"I want us all to be real creative about our tactics and strategies to dismantle the empire."
- Joo-Hyun Kang, The Revolution Will Not Be Funded, 2004
In April 2004, INCITE! and the UC Santa Barbara Women’s Studies Department hosted the exciting conference, The Revolution Will Not Be Funded: Beyond The Non-Profit Industrial Complex. Featuring dynamic speakers with a broad range of experience in grassroots organizing, this conference addressed the impact of the non-profit industrial complex on revolutionary movement building.
We recorded the conference proceedings and are now offering CDs featuring the critical presentations made at this conference. Activists and organizers spoke to the following issues at this important event:
- What is the history of how the non-profit model developed, and what reasons did it develop? How did it impact the direction of social justice organizing?
- How has funding from foundations impacted the course of social justice movements?
- How does 501(c)3 status impact social justice organizations' relationship to the state? How does non-profit status allow the state to co-opt our movements?
- Are there ways the non-profit model can be used subversively to support more radical visions for social change?
- What are the alternatives for building viable social justice movements? How do we fund the movement outside the non-profit structure?
- What models for organizing outside the NGO/non-profit model exist outside the U.S. that may help us?
Don't miss the insights and ideas presented by the visionary speakers at this conference!
There are five CDs from the conference. They are $12 each, but if you order all five, you can have the set for $55. Below is a description of issues addressed in each session and speakers featured on each CD and an order form. Details about the CDs are below.
Also, learn more about the anthology from this conference and about the on-going discussion and planning that this conference helped to inspire!
The Revolution Will Not Be Funded:
Beyond The Non-Profit Industrial Complex
April 30 - May 1, 2004
University of California-Santa Barbara
Social Justice Movements and Non-Profits - Historical Context
These speakers address the impact of the non-profit/NGO model on social justice movements in the U.S. and globally. What were some of the organizing models of both anti-violence and other social justice movements prior to the growth of the non-profit model? Can these models inform our organizing today? How has the non-profit model shifted the focus of the anti-violence movement from organizing to social service delivery? What has been the impact of the NGO model on organizing in non-U.S. countries? What can we learn from models that come out of a non-U.S. context?
Track 1: Ruthie Gilmore, Critical Resistance (21:37)
Track 2: Suzanne Pharr, Highlander Center (15:12)
Track 1: Madonna Thunder Hawk, Women of All Red Nations (11:57)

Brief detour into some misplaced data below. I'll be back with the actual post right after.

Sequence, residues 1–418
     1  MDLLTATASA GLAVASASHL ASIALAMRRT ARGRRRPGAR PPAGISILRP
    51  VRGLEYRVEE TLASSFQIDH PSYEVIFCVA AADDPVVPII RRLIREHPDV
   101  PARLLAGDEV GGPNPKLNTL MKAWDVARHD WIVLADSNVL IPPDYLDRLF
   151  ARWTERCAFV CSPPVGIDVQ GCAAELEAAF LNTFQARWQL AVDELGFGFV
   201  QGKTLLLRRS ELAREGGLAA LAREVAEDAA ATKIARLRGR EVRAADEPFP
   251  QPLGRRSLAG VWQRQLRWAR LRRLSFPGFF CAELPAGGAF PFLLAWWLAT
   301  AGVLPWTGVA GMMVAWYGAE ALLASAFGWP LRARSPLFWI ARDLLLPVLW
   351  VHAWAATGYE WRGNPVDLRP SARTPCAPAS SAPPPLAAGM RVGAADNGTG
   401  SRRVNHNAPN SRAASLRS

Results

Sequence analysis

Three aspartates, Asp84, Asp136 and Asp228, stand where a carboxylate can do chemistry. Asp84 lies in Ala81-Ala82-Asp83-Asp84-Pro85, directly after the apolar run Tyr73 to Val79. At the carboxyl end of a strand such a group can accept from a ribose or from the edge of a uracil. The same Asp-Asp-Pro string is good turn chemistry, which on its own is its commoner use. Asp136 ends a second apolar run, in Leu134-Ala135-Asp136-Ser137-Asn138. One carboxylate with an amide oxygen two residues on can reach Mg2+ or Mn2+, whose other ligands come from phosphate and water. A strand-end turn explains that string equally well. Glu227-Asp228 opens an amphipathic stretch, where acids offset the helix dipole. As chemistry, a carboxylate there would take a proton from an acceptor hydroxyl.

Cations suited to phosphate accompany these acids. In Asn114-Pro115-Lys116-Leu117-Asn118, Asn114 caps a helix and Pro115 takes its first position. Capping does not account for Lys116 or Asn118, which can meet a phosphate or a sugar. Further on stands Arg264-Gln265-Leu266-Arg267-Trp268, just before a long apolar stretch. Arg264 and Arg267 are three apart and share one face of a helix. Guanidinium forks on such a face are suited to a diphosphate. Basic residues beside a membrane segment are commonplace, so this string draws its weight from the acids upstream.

Track 2: Adjoa Jones de Almeida, Sista II Sista (17:06)
Track 3: Paula Rojas (Chile), Sista II Sista (16:15)
Tracks 4-9: Questions & Answers (30:15)
What is the Non-Profit Industrial Complex?
These speakers address the relationship between the non-profit system, capitalism, and the state. How do foundations function as form of structural adjustments which actually take money from the poor to benefit the wealthy classes? How has the NGO model served to promote U.S. imperialism abroad? How has the non-profit system allowed the state to co-opt social justice struggles? In particular, how has reliance on foundation and state funding impacted the anti-violence movement?
Track 1: Dylan Rodriguez, Critical Resistance (18:03)
Track 2: Christine Ahn, National Committee for Responsive Philanthropy, and author of "Foundation Trustee Fees: Use and Abuse" (20:14)
Track 3: Surina Kahn, former director of the International Gay & Lesbian Human Rights Commission (16:46)
Track 4: Anannya Bhattacharjee, World Social Forum-India (22:00)
Alternatives to the Non-Profit Model
These organizations discuss their attempts to struggle within the non-profit system. What are the alternatives to foundation funding? Are there ways to work within the non-profit model and use it subversively for radial political goals? How have movements in other countries reframed this issues that might be informative to social justice organizations within the U.S. How do anti-violence organizations who do receive federal, state or foundation monies struggle with doing anti-violence work within a radical political framework?
Track 1: Sisters In Action For Power, Portland, OR (16:33)
Track 2: CREA, India (14:08)
Track 3: Communities Against Rape & Abuse (CARA), Seattle, WA (10:38)
Track 4: CARA, Seattle, WA (4:53)
Track 5: CARA, Seattle, WA (3:43)
Track 6: Project South, Atlanta, GA (6:16)
Track 7: Project South, Atlanta, GA (6:44)
Track 8: Sista II Sista, Brooklyn, NY (16:09)
Closing Plenary: Next Steps
Track 1: Report Back From Work Groups: Ruthie Gilmore (3:15)
Track 2: Closing Speaker: Joo-Hyun Kang, Astraea Lesbian Foundation For Justice (7:47)
Track 3: Closing Speaker: Joo-Hyun Kang, Astraea Lesbian Foundation For Justice (5:07)
Track 4: Closing Speaker: Joo-Hyun Kang, Astraea Lesbian Foundation For Justice (7:53)
Please download one of the order forms below and send the form and your payment to the address on the form. Thank you!
For more information about ideas and strategies that came out of this conference, please check out INCITE!'s anthology, The Revolution Will Not Be Funded: Beyond The Non-Profit Industrial Complex, or take a look at our resource page on this issue area.